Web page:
Child Predators Use Online Gaming to Contact Children
Some predators use online gaming to sexually exploit children. Parents and guardians—and their children—should know the risks posed by online gaming, the methods these predators use, how to keep children safe online, and what to do if their children are victimized or targeted.
The FBI defines online gaming as any game played while connected to the Internet. This includes games played through gaming consoles; handheld gaming devices; and applications on phones, tablets, or computers. All games with communication features, including basic games, can be used by child predators.
FBI investigations show that child predators seek out victims anywhere they think they can contact them. Online gaming is just one of many platforms used by child predators, in part because of its popularity. Children also tend to be trusting online and often befriend strangers of any age or sex.
Online gaming also gives predators a logical topic to start a conversation with their intended victims: their common interest in the game. Predators may pose as friendly adults or age-appropriate peers to form relationships with potential victims. They often befriend children by giving them game tips or providing game currency.
Some games include team play, or allow players to communicate through headsets, web cameras, and chat rooms. These features allow predators to generate and nurture relationships. They manipulate these relationships to groom and coerce children to send them sexually explicit images or videos, or to meet them in person for sexual purposes.
Predators also often threaten or otherwise coerce their victims to target younger children in the home who are not yet using the Internet or playing online games.
Child predators continue to take advantage of the rapid growth of online gaming. The FBI has seen predators target children of all ages through online games made for various age groups. Between May 1, 2014, and Oct. 23, 2019, the FBI’s Internet Crime Complaint Center received 338 complaints of crimes against children related to online gaming.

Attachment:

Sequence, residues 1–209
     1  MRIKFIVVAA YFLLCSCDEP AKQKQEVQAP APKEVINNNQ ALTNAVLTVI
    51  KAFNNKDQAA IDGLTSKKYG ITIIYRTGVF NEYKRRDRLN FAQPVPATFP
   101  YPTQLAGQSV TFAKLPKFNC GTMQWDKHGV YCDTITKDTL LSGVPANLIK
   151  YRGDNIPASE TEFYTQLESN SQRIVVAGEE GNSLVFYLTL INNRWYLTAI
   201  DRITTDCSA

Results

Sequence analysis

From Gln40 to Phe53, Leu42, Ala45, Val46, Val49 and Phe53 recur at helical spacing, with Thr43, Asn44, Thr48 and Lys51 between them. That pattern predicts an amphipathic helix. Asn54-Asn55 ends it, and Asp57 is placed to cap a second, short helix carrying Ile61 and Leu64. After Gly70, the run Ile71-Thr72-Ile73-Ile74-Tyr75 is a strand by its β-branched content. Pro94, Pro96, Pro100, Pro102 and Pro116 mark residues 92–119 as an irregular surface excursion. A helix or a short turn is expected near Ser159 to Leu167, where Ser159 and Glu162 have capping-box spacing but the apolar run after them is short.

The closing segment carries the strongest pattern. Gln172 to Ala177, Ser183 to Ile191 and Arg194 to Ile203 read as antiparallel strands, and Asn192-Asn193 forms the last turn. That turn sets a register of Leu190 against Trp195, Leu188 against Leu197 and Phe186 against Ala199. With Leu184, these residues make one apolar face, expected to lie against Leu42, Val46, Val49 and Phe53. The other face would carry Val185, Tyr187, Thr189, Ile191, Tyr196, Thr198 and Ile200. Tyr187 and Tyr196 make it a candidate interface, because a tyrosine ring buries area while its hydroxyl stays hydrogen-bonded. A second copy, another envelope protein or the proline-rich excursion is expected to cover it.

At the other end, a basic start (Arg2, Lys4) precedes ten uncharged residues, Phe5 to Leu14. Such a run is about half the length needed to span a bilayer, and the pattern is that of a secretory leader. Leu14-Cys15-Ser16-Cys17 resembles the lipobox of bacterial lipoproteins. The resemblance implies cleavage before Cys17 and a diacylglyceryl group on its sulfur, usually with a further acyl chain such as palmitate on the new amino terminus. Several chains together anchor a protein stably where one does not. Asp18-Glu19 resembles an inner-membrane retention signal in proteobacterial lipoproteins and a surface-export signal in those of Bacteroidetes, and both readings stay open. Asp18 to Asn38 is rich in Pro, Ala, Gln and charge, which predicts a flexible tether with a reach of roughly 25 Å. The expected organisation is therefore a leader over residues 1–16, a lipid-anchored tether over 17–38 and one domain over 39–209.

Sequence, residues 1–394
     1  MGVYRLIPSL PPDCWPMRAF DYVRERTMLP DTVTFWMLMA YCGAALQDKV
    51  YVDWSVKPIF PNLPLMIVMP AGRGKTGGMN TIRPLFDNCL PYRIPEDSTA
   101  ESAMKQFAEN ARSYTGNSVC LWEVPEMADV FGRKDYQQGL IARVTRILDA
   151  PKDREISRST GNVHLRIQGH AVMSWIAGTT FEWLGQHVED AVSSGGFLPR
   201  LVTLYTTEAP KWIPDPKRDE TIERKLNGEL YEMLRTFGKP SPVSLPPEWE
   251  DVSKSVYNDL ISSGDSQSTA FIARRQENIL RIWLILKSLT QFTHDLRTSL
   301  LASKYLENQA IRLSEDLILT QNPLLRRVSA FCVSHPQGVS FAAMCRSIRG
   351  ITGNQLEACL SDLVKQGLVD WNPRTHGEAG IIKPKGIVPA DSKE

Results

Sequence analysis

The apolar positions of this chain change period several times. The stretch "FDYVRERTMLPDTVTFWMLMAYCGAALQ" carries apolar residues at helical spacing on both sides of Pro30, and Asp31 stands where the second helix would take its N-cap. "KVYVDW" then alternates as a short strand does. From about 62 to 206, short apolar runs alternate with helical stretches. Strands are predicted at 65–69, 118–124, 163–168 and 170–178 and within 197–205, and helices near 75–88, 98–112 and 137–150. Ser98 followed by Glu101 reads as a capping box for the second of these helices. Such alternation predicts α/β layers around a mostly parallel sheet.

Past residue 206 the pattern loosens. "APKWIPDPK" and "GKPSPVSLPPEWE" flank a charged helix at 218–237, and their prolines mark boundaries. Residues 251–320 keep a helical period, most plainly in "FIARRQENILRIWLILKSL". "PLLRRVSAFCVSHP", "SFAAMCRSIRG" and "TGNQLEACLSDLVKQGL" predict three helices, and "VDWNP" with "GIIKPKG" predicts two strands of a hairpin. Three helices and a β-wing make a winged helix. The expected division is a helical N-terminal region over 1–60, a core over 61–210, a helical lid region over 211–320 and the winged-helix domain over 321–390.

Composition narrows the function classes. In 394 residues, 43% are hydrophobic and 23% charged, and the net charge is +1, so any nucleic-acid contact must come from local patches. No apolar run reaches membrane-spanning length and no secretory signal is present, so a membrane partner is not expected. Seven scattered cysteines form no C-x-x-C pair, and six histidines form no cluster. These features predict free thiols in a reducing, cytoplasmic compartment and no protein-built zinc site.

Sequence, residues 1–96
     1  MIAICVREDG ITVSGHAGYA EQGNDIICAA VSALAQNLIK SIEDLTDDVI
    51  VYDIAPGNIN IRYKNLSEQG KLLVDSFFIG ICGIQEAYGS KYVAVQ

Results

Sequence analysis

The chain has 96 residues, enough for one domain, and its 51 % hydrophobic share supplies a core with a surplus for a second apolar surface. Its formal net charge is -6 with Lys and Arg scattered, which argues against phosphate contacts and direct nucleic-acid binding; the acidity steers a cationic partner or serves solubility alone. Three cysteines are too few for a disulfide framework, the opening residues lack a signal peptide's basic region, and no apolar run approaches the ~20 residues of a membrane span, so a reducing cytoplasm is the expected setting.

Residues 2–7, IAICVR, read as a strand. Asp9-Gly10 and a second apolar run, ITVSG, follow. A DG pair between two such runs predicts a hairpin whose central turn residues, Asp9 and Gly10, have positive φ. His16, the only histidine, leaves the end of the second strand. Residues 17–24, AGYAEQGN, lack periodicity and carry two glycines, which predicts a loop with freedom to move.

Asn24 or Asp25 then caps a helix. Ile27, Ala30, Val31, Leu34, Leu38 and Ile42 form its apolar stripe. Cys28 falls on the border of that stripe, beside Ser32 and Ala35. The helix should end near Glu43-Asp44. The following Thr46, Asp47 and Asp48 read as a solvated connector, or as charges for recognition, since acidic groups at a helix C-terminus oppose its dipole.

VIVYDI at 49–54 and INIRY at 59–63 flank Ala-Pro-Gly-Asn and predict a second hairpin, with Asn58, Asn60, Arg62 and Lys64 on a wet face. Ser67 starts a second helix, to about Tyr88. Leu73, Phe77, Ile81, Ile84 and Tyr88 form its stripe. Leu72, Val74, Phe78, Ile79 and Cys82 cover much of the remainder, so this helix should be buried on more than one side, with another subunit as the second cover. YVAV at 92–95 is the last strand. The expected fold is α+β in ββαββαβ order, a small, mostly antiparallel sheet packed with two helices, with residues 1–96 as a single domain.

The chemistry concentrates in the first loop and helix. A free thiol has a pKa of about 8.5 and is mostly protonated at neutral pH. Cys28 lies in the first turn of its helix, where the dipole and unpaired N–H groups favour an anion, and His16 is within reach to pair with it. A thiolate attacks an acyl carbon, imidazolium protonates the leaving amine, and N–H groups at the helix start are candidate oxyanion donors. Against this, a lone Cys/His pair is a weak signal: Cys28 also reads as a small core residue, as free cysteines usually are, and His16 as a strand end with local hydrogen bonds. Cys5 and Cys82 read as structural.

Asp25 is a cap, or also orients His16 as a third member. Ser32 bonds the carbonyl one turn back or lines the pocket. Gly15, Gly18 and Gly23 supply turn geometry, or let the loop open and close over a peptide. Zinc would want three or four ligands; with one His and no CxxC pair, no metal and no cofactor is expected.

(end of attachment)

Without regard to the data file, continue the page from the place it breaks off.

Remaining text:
The FBI has identified many instances where child predators communicated with children through popular online games; the following are just a few examples.
- In May 2019, a 29-year-old child predator from Fresno, California, was sentenced to 14 years for coercing and enticing a young boy to produce child pornography. The predator admitted that he met an 11-year-old boy while playing an online video game. After grooming the boy, the predator suggested they use an online chatting program to communicate privately. During a chat, he coerced the boy to produce and transmit sexually explicit images of himself.
- In January 2019, a 41-year-old child predator from Broward, Florida, was arrested after he used a popular game to recruit a teen to engage in sexual activity. He also coerced her to produce pornographic photos and videos of herself. The predator manipulated the victim with gifts, including credit cards and a cellphone. He eventually arranged to meet her in person and engage in sexual activity. The subject is facing numerous charges in this case. Investigators believe there could be as many as 20 additional victims.